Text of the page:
21 Sep 2016

National Park Superintendent Tammy Duchesne

From Nine To Noon, 9:38 am on 21 September 2016
Tammy Duchesne

Tammy Duchesne Photo: supplied

A senior figure in the US National Parks service is visiting this week to exchange ideas with iwi and DOC officials about the environmental issues facing parks around the world. Superintendent Tammy Duchesne talks to Kathryn Ryan about her job and working with 20 thousand others in the organisation looking after 401 sites.

Read an edited excerpt of the interview below:

What are the pressures on the service itself? It’s interesting that you talk about these different components of this kind of heritage protection, because there are the wide open expanses, then there might be areas that are urban or bordering urban areas and there are a lot of pressure for land, for water and resources. Is that a pressure that you’re having to resist?

Absolutely. I manage two national historical parks in Hawaii. One is called Kaloko-Honokōhau the other one is Puʻuhonua o Hōnaunau National Historical Park and the northern park is quite interesting, it was actually established after an outcry from the native Hawaiian community, who saw a lot of their land being really taken over by some resort developments, hotels and they were really concerned about having their space so they could practise their culture and the area with which they identified would remain protected.

So the way that this park got started was this group of citizens who actually wrote to their Congresswoman Patsy Mink and they asked that this area be preserved. And through their outcry they were able to preserve Kaloko-Honokōhau, which was then a national landmark. They were able to turn that into a national park in 1978 and what they saw in it was that it was a kipuka, which means that it was an area that was spared of lava flow, so it’s a metaphor, but now the park is 600 marine and 600 terrestrial acres and there is development all around the park.

Just recently there was a proposal to put in 5000 homes, three schools and a hospital directly upslope of the park, so that would mean there would be the need for water extraction, there would be pollution of the water, it could threaten night skies, it could threaten noise, it would just be a real impact to the park.

How do you win the battle between people saying people need houses and what do you say in response about other things that people need?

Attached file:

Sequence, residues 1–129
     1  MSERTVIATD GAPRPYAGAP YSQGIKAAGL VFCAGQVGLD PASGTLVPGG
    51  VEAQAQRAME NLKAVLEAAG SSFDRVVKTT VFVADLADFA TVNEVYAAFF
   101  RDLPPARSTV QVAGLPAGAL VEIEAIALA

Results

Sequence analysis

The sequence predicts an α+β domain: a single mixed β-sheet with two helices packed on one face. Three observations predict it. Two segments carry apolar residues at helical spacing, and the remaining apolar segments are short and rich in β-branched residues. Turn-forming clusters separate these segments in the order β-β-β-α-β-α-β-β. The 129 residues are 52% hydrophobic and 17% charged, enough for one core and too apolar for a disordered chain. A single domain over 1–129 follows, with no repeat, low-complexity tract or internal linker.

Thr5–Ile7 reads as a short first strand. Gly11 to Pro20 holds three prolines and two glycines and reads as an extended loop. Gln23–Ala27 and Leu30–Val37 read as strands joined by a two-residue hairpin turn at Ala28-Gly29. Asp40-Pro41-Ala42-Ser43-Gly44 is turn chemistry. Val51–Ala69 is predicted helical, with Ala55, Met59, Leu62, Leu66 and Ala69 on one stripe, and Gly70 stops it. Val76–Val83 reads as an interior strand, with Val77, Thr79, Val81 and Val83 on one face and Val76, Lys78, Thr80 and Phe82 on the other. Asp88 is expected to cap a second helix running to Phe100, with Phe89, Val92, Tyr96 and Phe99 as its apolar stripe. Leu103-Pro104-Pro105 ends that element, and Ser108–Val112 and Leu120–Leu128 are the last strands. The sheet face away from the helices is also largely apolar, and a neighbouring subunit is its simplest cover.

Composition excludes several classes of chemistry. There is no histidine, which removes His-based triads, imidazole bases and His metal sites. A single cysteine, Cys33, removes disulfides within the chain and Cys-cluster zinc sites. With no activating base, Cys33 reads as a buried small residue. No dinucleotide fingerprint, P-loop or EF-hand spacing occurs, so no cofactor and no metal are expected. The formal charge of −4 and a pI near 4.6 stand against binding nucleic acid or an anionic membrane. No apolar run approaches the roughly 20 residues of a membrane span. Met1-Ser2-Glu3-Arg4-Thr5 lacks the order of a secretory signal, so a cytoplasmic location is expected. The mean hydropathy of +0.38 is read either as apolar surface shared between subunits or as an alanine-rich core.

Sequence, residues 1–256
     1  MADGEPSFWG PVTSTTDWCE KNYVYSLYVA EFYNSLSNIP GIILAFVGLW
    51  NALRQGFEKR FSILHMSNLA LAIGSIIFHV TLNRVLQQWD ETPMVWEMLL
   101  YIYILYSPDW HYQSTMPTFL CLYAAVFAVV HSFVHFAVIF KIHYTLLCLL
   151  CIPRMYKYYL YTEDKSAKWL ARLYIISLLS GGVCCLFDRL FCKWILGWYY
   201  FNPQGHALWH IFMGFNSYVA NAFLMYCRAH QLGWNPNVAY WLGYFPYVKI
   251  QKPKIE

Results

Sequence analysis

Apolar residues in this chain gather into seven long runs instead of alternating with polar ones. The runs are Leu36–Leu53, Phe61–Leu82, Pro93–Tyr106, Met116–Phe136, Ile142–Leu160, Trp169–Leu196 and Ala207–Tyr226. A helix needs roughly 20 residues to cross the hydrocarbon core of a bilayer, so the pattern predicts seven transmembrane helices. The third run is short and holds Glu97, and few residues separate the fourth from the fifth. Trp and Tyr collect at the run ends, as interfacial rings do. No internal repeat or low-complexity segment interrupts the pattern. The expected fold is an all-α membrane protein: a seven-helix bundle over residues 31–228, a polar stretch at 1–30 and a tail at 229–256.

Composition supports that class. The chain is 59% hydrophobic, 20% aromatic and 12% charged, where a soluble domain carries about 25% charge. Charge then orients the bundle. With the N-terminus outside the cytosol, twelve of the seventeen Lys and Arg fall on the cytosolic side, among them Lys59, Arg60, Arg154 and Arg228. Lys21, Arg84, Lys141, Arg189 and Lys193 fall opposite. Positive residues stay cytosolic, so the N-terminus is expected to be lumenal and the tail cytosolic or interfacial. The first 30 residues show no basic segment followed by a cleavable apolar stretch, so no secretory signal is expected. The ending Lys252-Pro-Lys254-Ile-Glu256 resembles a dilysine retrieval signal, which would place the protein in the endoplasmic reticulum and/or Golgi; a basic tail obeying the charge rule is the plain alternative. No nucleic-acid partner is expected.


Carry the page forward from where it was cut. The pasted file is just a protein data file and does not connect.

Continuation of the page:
Again the park preserves a settlement from the 900s and it has great archaeology sites. The park was established to preserve, interpret and perpetuate native Hawaiian culture, so when we received the park in 1978, it is our job through the Organic Act to keep the park as it was, and that means the same species, the same water quantity and quality, so we have to be vigilant about monitoring.

When a proposal comes in that proposes to extract as much water as is already being used, we have  great concerns because that already threatens the species that live in our park, which threatens the ability for our community to practise their culture. In our legislation it actually says that the park will work with other entities including state and local government to protect the air and water quality and quantity around the park. So even though it is our mission to preserve and to protect and to work with state agencies to have this good system of air and water quality management, as you know, it’s hard when people want to build affordable homes. There is an outcry. So what I say is that we believe that we can do things responsibility if there is proactivity, planning and we work together.

You talked about that ability to bring everybody on board. How have you seen it happen in different places in different ways?

Well it’s challenging. In the same way you said, if there is over extraction or overuse, that could hurt our coral reefs. Coral reefs are a big generator of economic livelihood, so we believe that we are trying to do a lot of education to convince people that it doesn’t have to be and/or. We can’t have really responsible and strict and healthy preservation measures that also allows for healthy management.

It’s a new paradigm and it scares people, because water has never previously… on the island I live on, it’s not really managed right now, water. It’s more of a free-for-all state. So the idea of water permits and any type of legislation or regulation, people feel is really contentious and federal over reach and it’s really impeding on their rights.

So it’s about having a conversation many times and just really being a good listener and just really trying to allow people to understand that you’re not trying to say no development, but there has got to be a way for thoughtful, responsible, proactive development. We want people to be able to come to the table with the tools to be able to make good management systems.